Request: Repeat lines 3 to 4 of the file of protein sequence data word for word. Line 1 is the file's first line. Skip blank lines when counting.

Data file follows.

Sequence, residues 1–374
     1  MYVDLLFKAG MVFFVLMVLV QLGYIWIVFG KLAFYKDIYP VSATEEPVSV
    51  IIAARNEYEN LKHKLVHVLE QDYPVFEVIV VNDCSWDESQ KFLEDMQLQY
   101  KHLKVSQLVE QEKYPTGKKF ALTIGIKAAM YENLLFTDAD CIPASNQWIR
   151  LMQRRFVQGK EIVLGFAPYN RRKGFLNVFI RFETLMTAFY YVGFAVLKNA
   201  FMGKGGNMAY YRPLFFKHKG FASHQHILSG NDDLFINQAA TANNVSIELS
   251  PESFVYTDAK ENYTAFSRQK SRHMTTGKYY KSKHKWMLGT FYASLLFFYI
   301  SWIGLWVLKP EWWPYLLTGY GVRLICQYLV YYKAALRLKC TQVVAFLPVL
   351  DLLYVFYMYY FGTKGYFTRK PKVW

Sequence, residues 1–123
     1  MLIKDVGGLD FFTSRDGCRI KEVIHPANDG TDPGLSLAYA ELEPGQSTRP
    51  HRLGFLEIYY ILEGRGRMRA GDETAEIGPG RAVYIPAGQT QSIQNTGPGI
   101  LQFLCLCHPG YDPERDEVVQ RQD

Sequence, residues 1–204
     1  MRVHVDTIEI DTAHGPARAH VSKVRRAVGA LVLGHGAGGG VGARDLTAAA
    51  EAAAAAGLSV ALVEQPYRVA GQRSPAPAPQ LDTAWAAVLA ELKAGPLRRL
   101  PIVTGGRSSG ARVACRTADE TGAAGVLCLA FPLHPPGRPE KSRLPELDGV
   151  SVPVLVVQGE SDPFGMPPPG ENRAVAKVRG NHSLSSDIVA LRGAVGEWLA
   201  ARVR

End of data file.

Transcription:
    51  IIAARNEYEN LKHKLVHVLE QDYPVFEVIV VNDCSWDESQ KFLEDMQLQY
   101  KHLKVSQLVE QEKYPTGKKF ALTIGIKAAM YENLLFTDAD CIPASNQWIR